Sheikh Saud Left $7.5 Million Rare Stamp Debt to Qatar’s Ruling Family
The set of stamps were known as the “British Guiana collection.”
One of the late Sheikh Saud bin Mohammed Al-Thani’s final purchases is catching up with him, as members of Qatar’s ruling family are now being sued for some $7.5 million that the collector’s estate still owes for a set of rare stamps he won at auction before his death.
Known as the “British Guiana collection,” the stamps, from the estate of John E. du Pont, were offered by David Feldman Stamp Auctions in June. Though the price may seem extravagant, it was not even the most expensive stamp auction of that month: a 19th-century one-cent magenta, also from the du Pont estate by way of British colonial Guiana, fetched an astronomical $9.5 from an anonymous buyer at Sotheby’s New York, smashing the record for a single stamp.
As part of the terms of the sale to Sheikh Saud, the Swiss auctioneer agreed to accept monthly installments in lieu of a lump sum payment, but Feldman has now filed a suit in Manhattan federal court claiming to have only received $872,000 in payments before the sheikh died in November.
In addition to targeting Sheikh Saud’s estate, the suit also names Sotheby’s Financial Services, which had given the Qatari patriarch a pawn shop-like loan: Sheikh Saud received $30 million, while Sotheby’s got to hold onto $83 million-worth of his valuable art objects and collectibles as collateral.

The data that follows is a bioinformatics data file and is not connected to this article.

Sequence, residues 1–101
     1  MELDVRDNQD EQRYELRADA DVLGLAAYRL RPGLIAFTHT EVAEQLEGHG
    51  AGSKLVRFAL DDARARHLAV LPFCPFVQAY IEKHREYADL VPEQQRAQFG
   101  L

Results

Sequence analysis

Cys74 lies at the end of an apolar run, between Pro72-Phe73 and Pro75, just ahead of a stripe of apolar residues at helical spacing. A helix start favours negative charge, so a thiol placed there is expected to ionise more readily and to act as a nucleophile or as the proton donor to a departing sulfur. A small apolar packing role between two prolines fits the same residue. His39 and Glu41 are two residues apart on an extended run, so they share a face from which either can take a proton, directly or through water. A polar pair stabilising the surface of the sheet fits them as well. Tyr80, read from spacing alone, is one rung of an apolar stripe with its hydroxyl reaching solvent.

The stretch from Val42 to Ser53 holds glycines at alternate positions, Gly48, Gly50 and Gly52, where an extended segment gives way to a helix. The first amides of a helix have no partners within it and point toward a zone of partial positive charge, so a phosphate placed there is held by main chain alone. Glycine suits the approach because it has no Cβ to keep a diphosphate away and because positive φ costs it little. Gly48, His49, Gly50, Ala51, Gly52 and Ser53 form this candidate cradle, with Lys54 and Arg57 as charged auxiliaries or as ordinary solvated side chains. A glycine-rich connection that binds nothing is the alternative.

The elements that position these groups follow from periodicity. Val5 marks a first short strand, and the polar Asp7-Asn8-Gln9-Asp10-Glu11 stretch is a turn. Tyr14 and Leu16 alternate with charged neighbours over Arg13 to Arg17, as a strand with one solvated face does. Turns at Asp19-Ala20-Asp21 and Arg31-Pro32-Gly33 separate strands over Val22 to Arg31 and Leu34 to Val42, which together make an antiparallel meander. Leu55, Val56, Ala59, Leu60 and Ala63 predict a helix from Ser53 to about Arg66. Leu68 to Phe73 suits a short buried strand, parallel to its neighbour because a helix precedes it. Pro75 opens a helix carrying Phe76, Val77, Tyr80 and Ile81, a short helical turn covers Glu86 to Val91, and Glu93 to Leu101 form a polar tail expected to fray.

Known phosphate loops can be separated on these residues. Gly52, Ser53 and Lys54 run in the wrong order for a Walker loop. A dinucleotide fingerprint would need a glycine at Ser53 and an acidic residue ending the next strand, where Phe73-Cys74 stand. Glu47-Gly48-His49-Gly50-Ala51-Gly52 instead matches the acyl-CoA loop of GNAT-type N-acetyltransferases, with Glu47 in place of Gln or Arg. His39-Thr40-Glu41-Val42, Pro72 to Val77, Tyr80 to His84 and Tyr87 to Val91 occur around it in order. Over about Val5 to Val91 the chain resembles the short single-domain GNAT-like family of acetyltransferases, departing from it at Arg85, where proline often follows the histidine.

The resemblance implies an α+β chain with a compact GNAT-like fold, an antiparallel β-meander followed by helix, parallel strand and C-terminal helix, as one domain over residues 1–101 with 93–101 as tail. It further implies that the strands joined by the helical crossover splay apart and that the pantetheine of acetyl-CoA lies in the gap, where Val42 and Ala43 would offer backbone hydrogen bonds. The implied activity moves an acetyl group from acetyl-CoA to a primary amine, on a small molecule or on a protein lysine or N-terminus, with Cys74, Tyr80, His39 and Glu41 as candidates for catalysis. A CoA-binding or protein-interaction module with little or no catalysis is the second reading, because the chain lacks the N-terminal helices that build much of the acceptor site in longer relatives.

“The sheikh’s personal art collection is currently being inventoried and assessed. Once this process has been completed, as well as the sale of certain art and jewelry pieces, all of his debts will be paid in full, with any shortages to be guaranteed by the royal family of Qatar,” art consultant Malcolm Harris, who represents Sheikh Saud’s family, assured the New York Post. He claims that his clients were “owed a great deal of money at the time of his death that his family may never see again.”
In addition to various personal debts, Sheikh Saud also owed large amounts of money related to other purchases of fine art, jewelry, and furs. Presumably, the proceeds from the $24 million sale of the late sheikh’s watch, sold to help satisfy some of those debts, will help—if only a little bit.
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